If your little one isn’t already begging for a Fingerling, I promise you will start to hear the name soon. Fingerlings Baby Monkeys have already become one of the most talked-about toys on the market, and the little robots are projected to become the “must have” fad toy for the holidays. But before you decide whether to add a Fingerlings critter to your shopping list, there are some things you’ll need to know. What can your kid do with a Fingerling? And are there things that your child absolutely shouldn’t do with their new robot pet? In other words, can you take Fingerlings in the bathtub?
I’ll save you some Googling here: Fingerlings are a new collection of robotic plastic monkeys that wrap around your (or your kid’s) finger and react to touch or movement in literally dozens of ways. Fingerlings are made by toy manufacturer WowWee, the company probably best known for its line of other robotic toys, including the Robosapiens and Roboraptors.
But while its other product lines are impressive, in the Fingerlings Baby Monkeys, the toymakers managed a combination of impressive, cute, and affordable that will be difficult for parents to resist. The Fingerlings website describes the more than 40 possible ways you can get the toy to talk, sing, or laugh with you, from stroking its little head, to hanging it from a backpack, or even rocking it to sleep.
In a review of the line of robo-monkey toys, Mashable reporter Lance Ulanoff wrote that the incredible number of sounds, animations, and gestures the Fingerlings can display was due to a high number of sensors embedded in its plastic “skin.” He writes:
It can respond to a tap on the head or a touch (there are two touch sensors). Blowing in its face elicits a response, as does clapping your hands (you may need to take the monkey off your finger for that), cradling it, or dangling it upside down. All told, there are 40 different animations and reactions, so it can take a little while to discover them all. The toys will make a kissing sound when you blow in their faces and react with glee when you turn them upside down (the tail is perfect, by the way, for hanging it off a finger or the edge of a desk).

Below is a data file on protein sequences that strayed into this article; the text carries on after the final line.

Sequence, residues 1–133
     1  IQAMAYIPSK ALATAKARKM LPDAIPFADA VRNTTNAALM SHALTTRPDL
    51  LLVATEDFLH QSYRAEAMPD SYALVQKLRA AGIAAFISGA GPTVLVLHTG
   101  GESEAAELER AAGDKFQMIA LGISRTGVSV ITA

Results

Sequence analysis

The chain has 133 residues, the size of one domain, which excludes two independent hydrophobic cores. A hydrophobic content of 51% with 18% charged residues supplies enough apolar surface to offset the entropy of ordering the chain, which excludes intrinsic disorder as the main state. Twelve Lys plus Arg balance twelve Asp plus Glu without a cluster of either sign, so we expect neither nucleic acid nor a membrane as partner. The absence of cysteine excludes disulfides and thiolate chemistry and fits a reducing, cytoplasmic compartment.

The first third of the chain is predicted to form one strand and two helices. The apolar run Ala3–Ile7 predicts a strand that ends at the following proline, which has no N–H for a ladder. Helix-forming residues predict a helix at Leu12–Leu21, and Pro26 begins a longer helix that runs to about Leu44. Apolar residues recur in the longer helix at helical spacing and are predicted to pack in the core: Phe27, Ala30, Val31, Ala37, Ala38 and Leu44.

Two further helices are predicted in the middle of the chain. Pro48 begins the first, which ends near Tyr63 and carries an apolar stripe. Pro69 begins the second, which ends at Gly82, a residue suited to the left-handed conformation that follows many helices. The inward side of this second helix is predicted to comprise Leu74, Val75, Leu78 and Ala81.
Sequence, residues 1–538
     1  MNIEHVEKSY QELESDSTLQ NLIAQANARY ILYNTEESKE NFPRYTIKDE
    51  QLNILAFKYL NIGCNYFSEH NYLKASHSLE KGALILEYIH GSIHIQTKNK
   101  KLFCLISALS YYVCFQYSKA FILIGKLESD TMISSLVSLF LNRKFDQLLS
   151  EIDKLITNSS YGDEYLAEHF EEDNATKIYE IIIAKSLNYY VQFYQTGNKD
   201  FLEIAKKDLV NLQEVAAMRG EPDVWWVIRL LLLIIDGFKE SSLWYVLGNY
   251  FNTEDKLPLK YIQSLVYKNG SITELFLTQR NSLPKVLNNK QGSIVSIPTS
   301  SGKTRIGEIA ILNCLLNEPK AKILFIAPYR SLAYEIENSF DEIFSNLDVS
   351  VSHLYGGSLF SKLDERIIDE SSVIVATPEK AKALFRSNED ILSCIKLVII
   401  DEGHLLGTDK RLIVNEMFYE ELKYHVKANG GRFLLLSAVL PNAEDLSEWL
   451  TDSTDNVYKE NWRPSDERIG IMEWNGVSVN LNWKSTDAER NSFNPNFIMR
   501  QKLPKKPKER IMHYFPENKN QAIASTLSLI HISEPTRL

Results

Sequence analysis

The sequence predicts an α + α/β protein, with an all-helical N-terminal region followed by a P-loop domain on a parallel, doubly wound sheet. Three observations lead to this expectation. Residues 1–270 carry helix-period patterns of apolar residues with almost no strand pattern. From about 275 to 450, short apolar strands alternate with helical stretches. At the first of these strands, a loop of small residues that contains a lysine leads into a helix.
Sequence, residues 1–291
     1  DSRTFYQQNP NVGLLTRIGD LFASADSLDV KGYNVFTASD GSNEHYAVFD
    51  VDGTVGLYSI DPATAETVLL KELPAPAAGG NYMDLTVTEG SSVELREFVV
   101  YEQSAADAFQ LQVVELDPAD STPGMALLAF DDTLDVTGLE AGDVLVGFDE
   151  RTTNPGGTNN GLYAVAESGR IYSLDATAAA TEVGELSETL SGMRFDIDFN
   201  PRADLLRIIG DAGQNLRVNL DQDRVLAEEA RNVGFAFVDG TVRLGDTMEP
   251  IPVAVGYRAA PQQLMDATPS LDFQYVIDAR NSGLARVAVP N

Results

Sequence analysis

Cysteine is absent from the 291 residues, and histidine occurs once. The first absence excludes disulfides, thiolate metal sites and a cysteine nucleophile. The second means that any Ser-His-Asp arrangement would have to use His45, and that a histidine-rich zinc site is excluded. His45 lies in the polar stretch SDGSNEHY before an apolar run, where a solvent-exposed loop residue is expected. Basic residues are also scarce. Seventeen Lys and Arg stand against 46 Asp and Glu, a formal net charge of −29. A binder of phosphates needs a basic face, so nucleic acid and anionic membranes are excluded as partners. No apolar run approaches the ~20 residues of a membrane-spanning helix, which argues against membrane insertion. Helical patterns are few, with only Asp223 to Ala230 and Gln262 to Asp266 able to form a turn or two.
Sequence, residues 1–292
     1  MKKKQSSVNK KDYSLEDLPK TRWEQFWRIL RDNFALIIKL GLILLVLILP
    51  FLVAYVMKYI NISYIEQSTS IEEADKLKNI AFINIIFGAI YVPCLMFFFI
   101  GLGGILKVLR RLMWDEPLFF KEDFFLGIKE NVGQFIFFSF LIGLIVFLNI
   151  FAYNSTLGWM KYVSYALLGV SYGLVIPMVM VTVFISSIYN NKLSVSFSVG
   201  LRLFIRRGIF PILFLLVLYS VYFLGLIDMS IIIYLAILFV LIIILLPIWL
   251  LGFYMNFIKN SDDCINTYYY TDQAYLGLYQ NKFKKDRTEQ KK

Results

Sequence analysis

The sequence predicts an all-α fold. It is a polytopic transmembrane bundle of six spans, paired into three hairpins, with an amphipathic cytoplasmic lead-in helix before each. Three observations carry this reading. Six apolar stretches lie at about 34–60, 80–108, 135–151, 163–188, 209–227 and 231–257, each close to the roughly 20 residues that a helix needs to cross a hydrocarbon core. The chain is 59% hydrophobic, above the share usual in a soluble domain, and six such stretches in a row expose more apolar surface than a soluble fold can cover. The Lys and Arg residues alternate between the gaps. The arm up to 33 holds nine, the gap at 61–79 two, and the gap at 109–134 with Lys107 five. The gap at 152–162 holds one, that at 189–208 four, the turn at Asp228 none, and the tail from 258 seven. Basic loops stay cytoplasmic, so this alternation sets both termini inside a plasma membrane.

According to his review, there’s even a way to make the toy monkeys break wind — a feature that I have no doubt kids will go nuts over. But the user has to discover just the right gesture to make it happen.
The downside to all of that tech, though, is that it’s unlikely the toys will do well if put in water. There’s no mention on the toymaker’s website of the robotic critters being waterproof. And a company video walking users through ways to interact with a Fingerling mentions that if the baby monkey stops working an adult should replace its four 1.5 volt alkaline button batteries, a common type used in other things that aren’t waterproof like watches and calculators.
Still, if your child does decide to test the toy’s water capabilities, the price is low enough that you may not go totally berserk. When the tiny monkeys first hit the shelves this summer, Fingerlings retailed at around $14.99 per figure, and the colorful little robots could be found at Toys R Us, WalMart, and and Target.
But a warning: as their popularity has (quite predictably) gone through the roof, the Fingerlings toys and playsets have become nearly impossible to find. What’s more, WowWee has introduced exclusive Fingerlings “friends” that can retail for $70 or more — including, an honest-to-goodness unicorn.
Much like the holiday craze around the Furbies, Hatchimals, and Tamagotchi (remember those?), this fad is already showing every sign of becoming a real thing for parents. My only advice is to prepare yourself for when your kid asks about adding one to his or her wish list. And good luck, you guys. See you in the trenches.
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